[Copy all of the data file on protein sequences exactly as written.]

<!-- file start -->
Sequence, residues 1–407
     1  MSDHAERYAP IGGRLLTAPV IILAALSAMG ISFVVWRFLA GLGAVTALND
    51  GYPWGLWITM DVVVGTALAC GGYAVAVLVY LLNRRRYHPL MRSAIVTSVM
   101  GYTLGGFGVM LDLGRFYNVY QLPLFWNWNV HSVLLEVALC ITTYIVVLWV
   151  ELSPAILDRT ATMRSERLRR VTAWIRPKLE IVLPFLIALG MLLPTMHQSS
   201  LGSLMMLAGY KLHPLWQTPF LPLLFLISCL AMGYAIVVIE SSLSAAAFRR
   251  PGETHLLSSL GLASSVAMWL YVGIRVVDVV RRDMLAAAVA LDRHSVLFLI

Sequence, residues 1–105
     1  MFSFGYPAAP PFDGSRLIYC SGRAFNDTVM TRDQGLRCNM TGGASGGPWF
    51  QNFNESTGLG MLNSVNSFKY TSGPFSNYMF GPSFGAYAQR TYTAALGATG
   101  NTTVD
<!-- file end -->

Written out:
Sequence, residues 1–407
     1  MSDHAERYAP IGGRLLTAPV IILAALSAMG ISFVVWRFLA GLGAVTALND
    51  GYPWGLWITM DVVVGTALAC GGYAVAVLVY LLNRRRYHPL MRSAIVTSVM
   101  GYTLGGFGVM LDLGRFYNVY QLPLFWNWNV HSVLLEVALC ITTYIVVLWV
   151  ELSPAILDRT ATMRSERLRR VTAWIRPKLE IVLPFLIALG MLLPTMHQSS
   201  LGSLMMLAGY KLHPLWQTPF LPLLFLISCL AMGYAIVVIE SSLSAAAFRR
   251  PGETHLLSSL GLASSVAMWL YVGIRVVDVV RRDMLAAAVA LDRHSVLFLI

Sequence, residues 1–105
     1  MFSFGYPAAP PFDGSRLIYC SGRAFNDTVM TRDQGLRCNM TGGASGGPWF
    51  QNFNESTGLG MLNSVNSFKY TSGPFSNYMF GPSFGAYAQR TYTAALGATG
   101  NTTVD